Bones of Faerie, the first book of my Bones of Faerie trilogy, is about uncontrolled growth: plants that bloom in every season, crops that fight their harvesters, trees that seek human blood and bone to root in.
Faerie Winter, the second book of the trilogy, tells the opposite story. It’s about endless winter, failure to grow, and the fear that spring might never come.
During our current physical and psychological winter, Faerie Winter is the book I’ve been thinking about.
The story’s protagonist, Liza, is surrounded by adults who remember countless other winters, followed by countless other springs. Liza was born after the war between faeries and humans banished winter from her world, though. She’s never known anything but deadly, unbounded growth. When that growth stops at last, Liza’s first thought is about how much safer the forests have become. Later, when she realizes that those forests have also stopped producing the things humans need to survive, she has no mental roadmap for what might happen next.
When Jayce, a member of Liza’s town’s council, talks about preparing for spring planting, Liza wonders at the fact.
If he feared that the spring crops wouldn’t grow, he gave no sign. Adults believed, somewhere deep inside, that spring would come, for all that they were careful of our rations. Some part of them couldn’t imagine that green wouldn’t return to the world, as if green was something we were born to. I did not understand it. Deep inside I felt as if this gray had surely gone on forever and the forests I’d fought all my life had been merely illusions.
Not all the adults in Liza’s world share Jayce’s certainty, though. As the story progresses, Liza flees a danger that comes from beyond the dying forest with Karin, a fey survivor of the War. Karin is a plant mage, keenly aware of the changes winter has brought to the world, and she asks aloud the question that human adults have not.
The grasses sighed wearily and retreated back into the snow. “They’re not dead,” I said. “Not completely, not around you.”
“They are not dead.” Karin sounded as tired as the grasses had. “But they are dying. Tell me, Liza, do you believe that spring will come?”
Why ask me? I was no plant mage. “The adults in my town believe it.” They believed in spite of the gray trees and the gray skies, the failed crops and the too-long winter.
“So it is with the human adults in my town as well.” Karin held a hand out to the falling snow as we walked on. Snowflakes melted against her skin. “Yet I have never heard the trees so quiet. They yearn for darkness, and some have given way to it. Others slip into sleep, accepting that they may never wake. I am told this is the way of your world. It is not the way of mine. I have never known a forest that was not green. What do you believe?”
Do you believe that spring will come? It’s a question I’ve returned to many times since I wrote Faerie Winter. It’s a question I was asking before I wrote that book, too, before fiction led me, as it so often does, to put into words the things I was already saying.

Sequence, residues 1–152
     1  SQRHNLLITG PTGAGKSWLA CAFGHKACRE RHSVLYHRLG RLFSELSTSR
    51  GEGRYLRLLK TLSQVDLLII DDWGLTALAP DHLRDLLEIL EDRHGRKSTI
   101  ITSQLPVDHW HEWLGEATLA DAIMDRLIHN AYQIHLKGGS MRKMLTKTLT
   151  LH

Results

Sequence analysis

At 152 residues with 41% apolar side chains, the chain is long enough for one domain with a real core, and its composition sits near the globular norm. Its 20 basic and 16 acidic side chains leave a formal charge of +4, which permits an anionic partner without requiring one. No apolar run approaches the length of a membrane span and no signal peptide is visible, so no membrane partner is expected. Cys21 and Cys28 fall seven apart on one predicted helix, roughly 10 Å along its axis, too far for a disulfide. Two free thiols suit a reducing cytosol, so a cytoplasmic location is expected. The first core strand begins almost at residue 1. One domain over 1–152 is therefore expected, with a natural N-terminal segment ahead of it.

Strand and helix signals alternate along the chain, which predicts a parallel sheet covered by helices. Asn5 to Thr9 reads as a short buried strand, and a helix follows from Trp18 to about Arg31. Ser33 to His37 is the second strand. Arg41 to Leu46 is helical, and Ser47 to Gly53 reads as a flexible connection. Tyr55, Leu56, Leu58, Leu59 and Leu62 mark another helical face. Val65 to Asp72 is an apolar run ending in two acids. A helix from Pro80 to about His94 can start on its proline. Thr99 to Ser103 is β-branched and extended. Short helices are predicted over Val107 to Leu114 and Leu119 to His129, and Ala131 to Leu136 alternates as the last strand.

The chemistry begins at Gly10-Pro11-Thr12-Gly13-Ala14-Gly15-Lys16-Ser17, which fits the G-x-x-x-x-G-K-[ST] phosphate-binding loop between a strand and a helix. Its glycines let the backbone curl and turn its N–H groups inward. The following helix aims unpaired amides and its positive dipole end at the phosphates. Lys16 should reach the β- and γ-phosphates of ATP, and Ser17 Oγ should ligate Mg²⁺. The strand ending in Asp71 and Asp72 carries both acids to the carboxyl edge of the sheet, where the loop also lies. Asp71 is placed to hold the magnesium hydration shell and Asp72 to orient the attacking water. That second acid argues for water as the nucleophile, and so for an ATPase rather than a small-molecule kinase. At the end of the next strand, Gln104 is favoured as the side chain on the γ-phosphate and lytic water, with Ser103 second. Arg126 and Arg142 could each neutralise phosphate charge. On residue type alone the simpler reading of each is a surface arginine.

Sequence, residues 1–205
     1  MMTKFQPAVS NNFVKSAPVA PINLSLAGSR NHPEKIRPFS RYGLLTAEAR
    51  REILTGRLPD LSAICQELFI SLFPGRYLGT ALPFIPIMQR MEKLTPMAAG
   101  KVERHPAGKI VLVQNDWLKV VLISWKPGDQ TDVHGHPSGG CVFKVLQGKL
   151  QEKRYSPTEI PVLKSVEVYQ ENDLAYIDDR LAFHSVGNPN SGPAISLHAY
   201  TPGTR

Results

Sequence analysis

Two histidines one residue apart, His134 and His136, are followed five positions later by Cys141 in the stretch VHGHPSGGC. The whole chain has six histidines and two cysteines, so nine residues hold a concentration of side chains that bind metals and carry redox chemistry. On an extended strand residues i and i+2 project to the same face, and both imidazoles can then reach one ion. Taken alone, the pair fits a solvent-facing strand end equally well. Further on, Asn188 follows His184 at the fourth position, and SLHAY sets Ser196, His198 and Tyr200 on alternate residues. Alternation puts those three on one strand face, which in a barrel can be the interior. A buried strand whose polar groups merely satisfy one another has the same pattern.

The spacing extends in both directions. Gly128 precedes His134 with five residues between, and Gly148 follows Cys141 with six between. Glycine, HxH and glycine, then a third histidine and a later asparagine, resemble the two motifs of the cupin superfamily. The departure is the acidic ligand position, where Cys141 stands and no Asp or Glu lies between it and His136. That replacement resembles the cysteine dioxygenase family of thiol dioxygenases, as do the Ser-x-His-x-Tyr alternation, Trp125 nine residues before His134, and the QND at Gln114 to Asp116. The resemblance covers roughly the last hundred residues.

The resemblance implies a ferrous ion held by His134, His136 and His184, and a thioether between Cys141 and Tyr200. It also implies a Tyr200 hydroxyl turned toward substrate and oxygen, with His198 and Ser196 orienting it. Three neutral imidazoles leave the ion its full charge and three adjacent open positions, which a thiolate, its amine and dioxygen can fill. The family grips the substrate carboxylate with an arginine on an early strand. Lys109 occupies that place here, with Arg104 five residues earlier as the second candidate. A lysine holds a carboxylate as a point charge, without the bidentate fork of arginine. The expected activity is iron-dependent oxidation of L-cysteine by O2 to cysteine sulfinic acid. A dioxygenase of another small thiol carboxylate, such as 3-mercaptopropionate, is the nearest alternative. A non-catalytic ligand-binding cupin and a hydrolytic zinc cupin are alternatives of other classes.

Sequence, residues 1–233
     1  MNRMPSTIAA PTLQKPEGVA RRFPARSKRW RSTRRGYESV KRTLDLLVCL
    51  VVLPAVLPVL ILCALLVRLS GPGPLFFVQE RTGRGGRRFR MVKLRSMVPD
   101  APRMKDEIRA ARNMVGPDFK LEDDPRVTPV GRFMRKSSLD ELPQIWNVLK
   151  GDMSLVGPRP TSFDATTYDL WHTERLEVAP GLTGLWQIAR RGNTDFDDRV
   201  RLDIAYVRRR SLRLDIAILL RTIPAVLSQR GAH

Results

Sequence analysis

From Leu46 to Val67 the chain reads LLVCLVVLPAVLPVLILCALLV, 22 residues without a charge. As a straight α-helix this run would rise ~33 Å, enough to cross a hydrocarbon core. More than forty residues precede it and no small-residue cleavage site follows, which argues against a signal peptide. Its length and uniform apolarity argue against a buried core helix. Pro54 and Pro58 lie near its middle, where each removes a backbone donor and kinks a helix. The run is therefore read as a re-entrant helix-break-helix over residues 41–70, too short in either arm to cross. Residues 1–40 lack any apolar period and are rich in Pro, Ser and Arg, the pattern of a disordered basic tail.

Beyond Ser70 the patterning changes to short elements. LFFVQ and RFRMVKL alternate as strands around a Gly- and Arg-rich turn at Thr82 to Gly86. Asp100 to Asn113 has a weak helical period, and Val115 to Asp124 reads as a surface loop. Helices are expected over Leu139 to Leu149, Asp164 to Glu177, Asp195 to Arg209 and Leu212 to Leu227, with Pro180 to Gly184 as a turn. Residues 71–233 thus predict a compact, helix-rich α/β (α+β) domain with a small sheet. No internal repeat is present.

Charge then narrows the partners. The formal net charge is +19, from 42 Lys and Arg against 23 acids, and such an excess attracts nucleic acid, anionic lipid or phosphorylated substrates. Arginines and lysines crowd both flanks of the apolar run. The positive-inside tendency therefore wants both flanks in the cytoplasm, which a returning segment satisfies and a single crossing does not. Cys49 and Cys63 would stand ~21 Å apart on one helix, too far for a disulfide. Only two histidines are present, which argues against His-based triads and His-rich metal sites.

Because Faerie Winter is fantasy, the question of spring’s return is not merely metaphoric. It turns out the danger of endless winter is real, and so Liza’s inner crisis is echoed by the world’s outer one. Fantasy does that, sometimes—lets us transform internal struggles into external realities so that we can face those struggles head on and in a more concrete way than other types of stories allow.
Do you believe that spring will come? Things have changed so much already—in Liza’s world, in our world. There’s no changing them back. Do we believe that forward change will continue instead, leading us on to someplace new, someplace viable, someplace where things can grow once more?
Do you believe that spring will come? There’s a strange comfort simply in putting the question into words.
On one level, I know the answer, always have known it. If I didn’t believe, deep down, that spring—that the future—would come, writing a book where spring was called into question would have been too much to bear.
On another level, I need, just as deeply, to hear the question asked, and I need to travel the hard path toward its answer, again and again, not just in the books that I’ve written but also in the countless books that I’ve read through the years, ever since I knew how to read. Stories were the thing, after all, that got me trough childhood and adolescence and all that came after. Every misunderstood kid who had adventures and saved the world and found their place in that world was, in their way, another needed answer.
An answer, and also a map—the map Liza lacks—for what the journey might look like. Spring comes. Not always easily, not always painlessly, not always as quickly as we want or as we need, but in the end and at the last. Spring comes. Deep down, I know that.
After all, I’ve taken this journey before.